“We’re not really private equity anymore,” Campbell said, explaining that Ormet shares are traded, albeit privately, and the company now files financials and conducts analyst calls. “We’re pretty close to a public company now.” He did not rule out a future exchange listing, but said such a move likely would have to wait until sometime in 2008 when Ormet has completed its first full year of audited financial results.

As Ormet’s new chairman, Campbell will play a more strategic role in plotting the trajectory forward rather than a tactical role in day-to-day operations. “Mike can run the plant,” Campbell said of Tanchuk. “What I can do is help on the financial end and with the new investors.”

For Tanchuk, running the smelter means feeding the smelter, which translates into alumina, anodes and cathodes. Hannibal has sufficient alumina for 2007, so Tanchuk is looking ahead. “I expect we’ll meet with several of the major suppliers in the world and put supply in place on a long-term contract,” he said. Three years is not unusual for such an agreement, but it could be longer, he said.

Ormet has a good system in place for sourcing cathode blocks, Tanchuk said, which leaves anodes as the larger question mark. According to Campbell, the sourcing of anodes was the chief—if not only—reason the Hannibal restart was one to two months behind its original schedule.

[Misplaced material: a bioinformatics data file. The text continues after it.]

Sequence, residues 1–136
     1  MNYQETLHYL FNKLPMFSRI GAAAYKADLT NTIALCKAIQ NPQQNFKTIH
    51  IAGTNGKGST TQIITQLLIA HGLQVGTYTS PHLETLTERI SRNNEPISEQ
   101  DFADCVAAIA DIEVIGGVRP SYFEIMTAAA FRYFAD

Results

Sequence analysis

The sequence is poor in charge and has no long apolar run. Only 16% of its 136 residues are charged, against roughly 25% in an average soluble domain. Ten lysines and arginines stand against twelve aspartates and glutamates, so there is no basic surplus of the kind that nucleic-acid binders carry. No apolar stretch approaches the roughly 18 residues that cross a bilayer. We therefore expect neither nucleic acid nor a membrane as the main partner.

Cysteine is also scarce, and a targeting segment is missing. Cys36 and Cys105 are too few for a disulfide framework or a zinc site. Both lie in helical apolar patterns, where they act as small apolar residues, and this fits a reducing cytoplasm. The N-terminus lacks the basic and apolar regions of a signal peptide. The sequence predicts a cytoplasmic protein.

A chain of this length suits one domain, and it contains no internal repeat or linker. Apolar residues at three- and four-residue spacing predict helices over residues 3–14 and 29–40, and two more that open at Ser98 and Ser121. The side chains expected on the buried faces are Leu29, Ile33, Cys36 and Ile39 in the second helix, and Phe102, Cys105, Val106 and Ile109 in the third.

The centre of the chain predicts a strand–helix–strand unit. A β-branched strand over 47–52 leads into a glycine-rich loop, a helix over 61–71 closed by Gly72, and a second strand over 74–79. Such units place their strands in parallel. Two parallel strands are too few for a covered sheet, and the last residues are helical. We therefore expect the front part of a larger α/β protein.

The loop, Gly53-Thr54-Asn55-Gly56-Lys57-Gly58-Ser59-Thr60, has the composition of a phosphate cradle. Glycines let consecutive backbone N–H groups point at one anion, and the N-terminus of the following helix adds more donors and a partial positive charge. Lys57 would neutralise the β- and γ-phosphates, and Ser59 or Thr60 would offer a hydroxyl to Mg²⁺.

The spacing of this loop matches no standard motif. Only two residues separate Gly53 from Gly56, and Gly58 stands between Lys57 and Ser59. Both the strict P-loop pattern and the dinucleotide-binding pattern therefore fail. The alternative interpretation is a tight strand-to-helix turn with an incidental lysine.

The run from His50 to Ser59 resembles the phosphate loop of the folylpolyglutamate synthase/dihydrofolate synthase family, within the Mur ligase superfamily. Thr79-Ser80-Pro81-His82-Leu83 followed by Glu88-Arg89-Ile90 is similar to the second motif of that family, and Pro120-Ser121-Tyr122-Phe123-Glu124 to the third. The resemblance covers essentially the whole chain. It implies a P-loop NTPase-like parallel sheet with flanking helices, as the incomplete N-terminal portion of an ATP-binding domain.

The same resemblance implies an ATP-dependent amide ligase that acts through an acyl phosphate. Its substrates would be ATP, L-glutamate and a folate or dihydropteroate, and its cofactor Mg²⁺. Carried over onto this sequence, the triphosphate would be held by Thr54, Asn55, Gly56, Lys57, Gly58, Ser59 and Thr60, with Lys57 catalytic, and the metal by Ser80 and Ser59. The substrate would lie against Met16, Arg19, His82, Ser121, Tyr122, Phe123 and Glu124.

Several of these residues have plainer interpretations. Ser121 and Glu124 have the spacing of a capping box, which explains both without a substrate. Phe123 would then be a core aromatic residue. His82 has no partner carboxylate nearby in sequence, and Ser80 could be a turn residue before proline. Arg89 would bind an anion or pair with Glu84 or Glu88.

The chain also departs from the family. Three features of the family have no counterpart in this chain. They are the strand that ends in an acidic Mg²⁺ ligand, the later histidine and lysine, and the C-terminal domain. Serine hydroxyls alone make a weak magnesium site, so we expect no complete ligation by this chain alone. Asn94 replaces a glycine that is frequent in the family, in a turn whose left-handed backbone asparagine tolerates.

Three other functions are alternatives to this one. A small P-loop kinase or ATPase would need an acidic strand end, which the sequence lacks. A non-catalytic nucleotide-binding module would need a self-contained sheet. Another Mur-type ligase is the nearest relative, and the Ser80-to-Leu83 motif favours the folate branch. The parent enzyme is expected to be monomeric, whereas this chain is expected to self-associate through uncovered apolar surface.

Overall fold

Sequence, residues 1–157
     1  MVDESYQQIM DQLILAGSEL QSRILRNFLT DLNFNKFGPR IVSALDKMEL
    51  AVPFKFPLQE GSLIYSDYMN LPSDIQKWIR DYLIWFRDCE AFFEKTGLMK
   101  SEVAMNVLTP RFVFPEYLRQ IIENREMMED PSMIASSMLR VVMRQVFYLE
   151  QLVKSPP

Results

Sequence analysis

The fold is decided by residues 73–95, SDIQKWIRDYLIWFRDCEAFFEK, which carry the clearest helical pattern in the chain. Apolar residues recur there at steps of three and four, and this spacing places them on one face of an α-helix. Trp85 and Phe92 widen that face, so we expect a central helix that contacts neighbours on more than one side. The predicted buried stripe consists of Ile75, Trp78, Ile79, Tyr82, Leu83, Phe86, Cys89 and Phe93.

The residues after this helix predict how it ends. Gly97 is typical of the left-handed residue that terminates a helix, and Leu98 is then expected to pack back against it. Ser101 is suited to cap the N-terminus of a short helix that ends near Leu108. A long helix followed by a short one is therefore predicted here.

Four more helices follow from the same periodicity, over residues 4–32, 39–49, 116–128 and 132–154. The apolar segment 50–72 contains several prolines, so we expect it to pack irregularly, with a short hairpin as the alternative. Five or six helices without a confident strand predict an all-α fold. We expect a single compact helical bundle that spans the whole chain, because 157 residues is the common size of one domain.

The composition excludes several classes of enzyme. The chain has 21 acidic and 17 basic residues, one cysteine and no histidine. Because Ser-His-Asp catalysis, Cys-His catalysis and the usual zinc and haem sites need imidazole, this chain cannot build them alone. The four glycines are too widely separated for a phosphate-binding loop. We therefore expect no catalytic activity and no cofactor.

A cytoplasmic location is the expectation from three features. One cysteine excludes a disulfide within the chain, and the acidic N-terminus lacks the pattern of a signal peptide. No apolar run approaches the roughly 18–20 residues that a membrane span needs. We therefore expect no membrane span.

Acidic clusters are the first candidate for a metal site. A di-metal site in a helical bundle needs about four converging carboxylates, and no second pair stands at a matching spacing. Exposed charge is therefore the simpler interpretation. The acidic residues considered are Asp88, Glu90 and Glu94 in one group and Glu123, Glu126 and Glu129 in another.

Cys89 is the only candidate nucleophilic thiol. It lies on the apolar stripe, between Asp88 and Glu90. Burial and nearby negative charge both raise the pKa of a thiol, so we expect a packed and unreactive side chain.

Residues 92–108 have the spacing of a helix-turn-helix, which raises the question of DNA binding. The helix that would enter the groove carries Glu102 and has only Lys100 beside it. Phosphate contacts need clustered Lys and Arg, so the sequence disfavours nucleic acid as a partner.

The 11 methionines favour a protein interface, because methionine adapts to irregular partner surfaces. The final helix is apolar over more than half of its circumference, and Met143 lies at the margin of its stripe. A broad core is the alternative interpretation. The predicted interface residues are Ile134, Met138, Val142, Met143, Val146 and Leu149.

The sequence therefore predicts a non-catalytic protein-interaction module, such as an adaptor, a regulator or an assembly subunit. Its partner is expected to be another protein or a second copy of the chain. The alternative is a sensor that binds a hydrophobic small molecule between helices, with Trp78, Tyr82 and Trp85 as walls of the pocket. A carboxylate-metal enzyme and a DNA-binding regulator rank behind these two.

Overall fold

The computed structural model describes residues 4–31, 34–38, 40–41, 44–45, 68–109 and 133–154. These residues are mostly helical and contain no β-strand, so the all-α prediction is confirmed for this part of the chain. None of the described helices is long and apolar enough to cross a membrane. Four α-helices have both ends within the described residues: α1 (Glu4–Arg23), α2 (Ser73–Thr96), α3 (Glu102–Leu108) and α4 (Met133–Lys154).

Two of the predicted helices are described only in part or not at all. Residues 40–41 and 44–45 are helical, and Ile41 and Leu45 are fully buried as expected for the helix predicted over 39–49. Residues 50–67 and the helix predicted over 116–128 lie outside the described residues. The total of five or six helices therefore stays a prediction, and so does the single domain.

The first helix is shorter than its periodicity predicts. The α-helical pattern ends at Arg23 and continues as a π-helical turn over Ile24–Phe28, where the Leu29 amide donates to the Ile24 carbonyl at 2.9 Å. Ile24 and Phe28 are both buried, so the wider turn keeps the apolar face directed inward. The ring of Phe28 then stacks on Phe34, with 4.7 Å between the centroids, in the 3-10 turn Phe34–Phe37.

Delivery of materials from a Venezuelan source was tenuous at times, and while having multiple sources in a diversified supply base provides some insurance, it also leaves room for small differences in the precise properties of the anodes, which must be compensated for in the smelter.

Hannibal has enough anodes for 2007, leaving the future open. “What I think we’re going to have to do is look at what’s available, then look at the geographic location of the suppliers and come up with a supply strategy,” Tanchuk said. “We’re putting that together now for 2008 and 2009.”

Another item on the new chief’s agenda is a possible review of the company’s billet business. Ormet currently puts about 5 million to 6 million pounds of material per month into its casthouse adjacent to the smelter. This may or may not continue. “It’s a difficult business for us,” Tanchuk said about the billet book. “We’ll have to look at it to see if it makes sense going forward. We will have to decide to continue or not continue.”

The primary metal business is in far better health. In fact, Ormet has just concluded a deal to sell the majority of its 2007 production to a single large international trading house. Neither Campbell nor Tanchuk would be drawn to name the company.

In terms of people, Campbell joked that when he took the job at Ormet his goal was to fill the parking lot with employees’ cars. “Now, we’re fully employed with over 900 workers and we will reach 950 soon,” he said. “Ken took a smelter that was essentially dead and brought it back to life,” Tanchuk said. “I think they accomplished a lot in a short amount of time. That was the tough job.”

“I think Mike’s job is the tough job,” Campbell countered.